The best free Android apps for going back to school

Sadly it's time for fewer games and more productivity. Here's how to get your Android device ready for another school year.

back to school android apps
Credit: Derek Walter
Yes, you have to go back

Denial won’t get you anywhere. It’s time to head back to school, which means less time playing Fallout Shelter and more time with riveting lectures and laborious assignments. 

The least you can do is get your Android device ready so it can serve as a key ally with your upcoming deluge of scholastic tasks. We’ve pulled together key apps that will help you during all aspects of the school year, like taking notes, conducting research, staying atop related news, and finding that Wi-Fi hotspot. And they're all free!

calcu
Calcu

You need a calculator. And odds are the one that shipped with your phone isn't very good. So grab Calcu. It has enough advanced features that it should meet most of your basic and scientific calculation needs. With one swipe you can see your past equations, which is helpful for double checking your work. Your teacher will be proud.

Calcu

opensignal
OpenSignal

Finding an open Wi-Fi network can be a challenge. OpenSignal has the most comprehensive collection of where they are so you can lead your study group to the Internet promised land.

The app also collects data on the mobile carriers, so if you're just in need of a better signal the map and compass, which points to the nearest tower, can show you the way.

OpenSignal

google keep
Google Keep

Google Keep is one of the lesser-known apps in the Google productivity suite. It's an excellent note taking tool and syncs up with the web app well so you can get your notes on the desktop. There's no iOS app, however, if you dabble in both mobile platforms.

You can now share notes with others for collaboration or turn one of your notes into a Google Doc. It keeps getting better all the time, so it's worth checking out if you want a reliable and search-friendly note taker.

Google Keep

autocad
AutoCAD 360

Tools from Autodesk are still the benchmark for vector-based graphics work. The AutoCAD 360 app allows you to view, edit, and share your drawings with others on your Android device. While most of the work you do will probably take place on a desktop, it's convenient to be able to access and make minor touches on the go. The app is free, though the full suite of features requires a $50 per year subscription.

AutoCAD 360 

ifttt
IFTTT

If you want to automate tasks so you can focus on what's realy important, then take some time to master the ways of IFTTT.

You're able to create several "recipes" that perform a specific task under conditions you establish. For productivity, the Do Note is another key app from the fine people at IFTTT to add, as you can send a note to Evernote or another cloud service on the fly.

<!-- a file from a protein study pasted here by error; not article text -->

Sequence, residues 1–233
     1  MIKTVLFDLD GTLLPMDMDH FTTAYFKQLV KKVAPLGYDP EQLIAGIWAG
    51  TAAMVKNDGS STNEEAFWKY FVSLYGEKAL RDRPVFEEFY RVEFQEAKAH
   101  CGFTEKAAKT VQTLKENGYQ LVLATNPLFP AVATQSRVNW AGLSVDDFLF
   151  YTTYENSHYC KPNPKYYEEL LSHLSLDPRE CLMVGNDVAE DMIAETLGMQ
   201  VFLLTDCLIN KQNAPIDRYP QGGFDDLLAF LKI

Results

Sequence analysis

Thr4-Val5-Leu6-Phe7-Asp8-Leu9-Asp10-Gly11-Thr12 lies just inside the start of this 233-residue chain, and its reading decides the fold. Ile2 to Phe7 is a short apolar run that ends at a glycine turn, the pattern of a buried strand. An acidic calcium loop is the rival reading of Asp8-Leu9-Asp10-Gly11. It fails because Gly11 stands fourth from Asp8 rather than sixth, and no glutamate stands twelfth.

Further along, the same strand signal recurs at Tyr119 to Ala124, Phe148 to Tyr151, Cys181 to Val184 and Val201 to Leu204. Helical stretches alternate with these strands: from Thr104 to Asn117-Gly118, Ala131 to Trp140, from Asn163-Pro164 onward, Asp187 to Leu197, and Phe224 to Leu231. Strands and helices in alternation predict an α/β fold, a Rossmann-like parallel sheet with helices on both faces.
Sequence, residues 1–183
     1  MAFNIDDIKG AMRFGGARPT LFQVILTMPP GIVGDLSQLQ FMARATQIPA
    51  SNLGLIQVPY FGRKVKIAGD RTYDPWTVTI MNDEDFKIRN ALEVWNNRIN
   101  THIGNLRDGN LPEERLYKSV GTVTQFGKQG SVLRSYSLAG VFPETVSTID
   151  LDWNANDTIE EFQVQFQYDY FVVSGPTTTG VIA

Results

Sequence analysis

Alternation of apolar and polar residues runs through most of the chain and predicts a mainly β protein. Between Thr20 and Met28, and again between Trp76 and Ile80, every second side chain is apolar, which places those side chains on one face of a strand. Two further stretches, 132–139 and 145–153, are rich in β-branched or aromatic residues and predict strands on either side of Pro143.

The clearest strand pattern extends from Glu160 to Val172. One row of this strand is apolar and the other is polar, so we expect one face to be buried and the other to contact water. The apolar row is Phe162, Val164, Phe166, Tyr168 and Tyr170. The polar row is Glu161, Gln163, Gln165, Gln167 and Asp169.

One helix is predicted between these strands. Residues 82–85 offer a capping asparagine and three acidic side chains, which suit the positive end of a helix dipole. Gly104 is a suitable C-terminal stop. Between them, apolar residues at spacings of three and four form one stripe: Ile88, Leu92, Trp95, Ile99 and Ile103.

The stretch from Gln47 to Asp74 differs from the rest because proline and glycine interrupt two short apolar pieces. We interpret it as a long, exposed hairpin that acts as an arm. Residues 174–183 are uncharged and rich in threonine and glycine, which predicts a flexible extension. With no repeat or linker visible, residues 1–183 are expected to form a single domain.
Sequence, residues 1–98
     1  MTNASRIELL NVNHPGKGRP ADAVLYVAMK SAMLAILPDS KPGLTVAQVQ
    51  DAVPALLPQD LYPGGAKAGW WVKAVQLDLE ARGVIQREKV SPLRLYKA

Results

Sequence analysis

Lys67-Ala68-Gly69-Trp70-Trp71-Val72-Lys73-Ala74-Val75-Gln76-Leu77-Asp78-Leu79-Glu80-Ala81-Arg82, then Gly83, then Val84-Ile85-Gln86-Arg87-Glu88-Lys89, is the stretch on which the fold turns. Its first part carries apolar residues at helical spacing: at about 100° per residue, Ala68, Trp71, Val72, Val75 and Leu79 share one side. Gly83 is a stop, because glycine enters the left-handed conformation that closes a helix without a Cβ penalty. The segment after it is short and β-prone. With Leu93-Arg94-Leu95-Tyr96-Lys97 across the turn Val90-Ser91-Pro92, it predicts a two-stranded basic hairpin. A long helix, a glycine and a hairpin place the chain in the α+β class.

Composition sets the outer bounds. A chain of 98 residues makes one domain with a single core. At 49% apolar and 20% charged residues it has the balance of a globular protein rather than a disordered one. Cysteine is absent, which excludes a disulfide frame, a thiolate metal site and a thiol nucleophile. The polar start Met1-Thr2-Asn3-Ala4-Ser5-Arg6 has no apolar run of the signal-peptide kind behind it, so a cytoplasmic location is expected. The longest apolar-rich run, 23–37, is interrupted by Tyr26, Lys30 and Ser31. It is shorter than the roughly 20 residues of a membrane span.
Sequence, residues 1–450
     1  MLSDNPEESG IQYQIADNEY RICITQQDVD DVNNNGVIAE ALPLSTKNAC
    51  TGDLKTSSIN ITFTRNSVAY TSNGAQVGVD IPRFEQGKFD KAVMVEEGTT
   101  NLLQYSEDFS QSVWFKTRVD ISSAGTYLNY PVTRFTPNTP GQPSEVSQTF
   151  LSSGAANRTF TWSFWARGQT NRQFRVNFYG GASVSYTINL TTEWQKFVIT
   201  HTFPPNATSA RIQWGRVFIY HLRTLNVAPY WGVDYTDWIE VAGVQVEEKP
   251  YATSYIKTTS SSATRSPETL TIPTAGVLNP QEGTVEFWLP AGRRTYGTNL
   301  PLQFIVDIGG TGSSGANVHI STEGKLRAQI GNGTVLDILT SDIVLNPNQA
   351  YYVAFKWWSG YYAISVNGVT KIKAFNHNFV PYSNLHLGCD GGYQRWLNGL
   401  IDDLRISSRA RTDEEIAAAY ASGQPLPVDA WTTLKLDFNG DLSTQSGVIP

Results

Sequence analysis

IF by IFTTT

google classroom
Google Classroom

There's a good chance your high school teacher may be using Google Classroom. Adoption has jumped pretty quickly in the last year, especially with all the schools embracing Chromebooks. The app allows you to keep tabs on any of your teacher's announcements, submit assignments, or comment in classroom discussion right from your Android device.

Google Classroom

dashlane
Dashlane

All that research you're going to have to do this year is going to require more passwords. Plus there could be a school-issued Google account, Office 365 apps, and other details to keep track of. Dashlane is our current favorite password manager. It's cross platform, so it will sync everything across Android, iOS, Windows, and Mac (though cross-platform sync requires a $39 per year subscription). And Dashlane has some clever features, like integration with SwiftKey and fingerprint readers.

Dashlane

Feedly

Depending on what you're studying, there may be a lot of news to keep up with. To subscribe to web sites' news feeds via RSS, Feedly is the way to go. Along with the excellent Android app is a good web app for when you want to browse your favorites in Chrome. This way next time you report to class you'll be more in the know than the students who spent the weekend building their defenses in Clash of Clans.

Feedly

pocket
Pocket

There are plenty of ways to clip articles for research, such as tools like Evernote or OneNote. But Pocket is the slickest one, as you're able to use the desktop browser plugin or mobile apps tool to add and tag articles with ease, and easily read article offline. 

There's a new beta feature that recommends articles based on your history, which may help with your research or just provide some more reading material for when you have some down time.

The premium service is $45 per year, and gives you search and unlimited article archival.

Pocket

swiftkey
SwiftKey

The stock Google keyboard is pretty good now, and whatever your phone ships with will probably do the job. But if you want the best keyboard possible, go with SwiftKey. It has a pretty crazy accurate method for predicting words thanks to the app's ability to analyze your mail, texts, and social media posts. If that's too creepy you can opt out, though do enable SwiftKey Cloud so that predictions and other settings sync across devices.

SwiftKey

excel android
Office for Android

Yes, the Office you know and love (or perhaps might be forced to use by your school) is on Android. Our hands-on found the productivity suite is quite good, and it will help you keep on top of your projects, especially useful if your school has an Office 365 account. You'll need to sign in to Microsoft's service to access all the features, which work with Word, Excel, PowerPoint, Outlook, and OneDrive

Microsoft apps on Google Play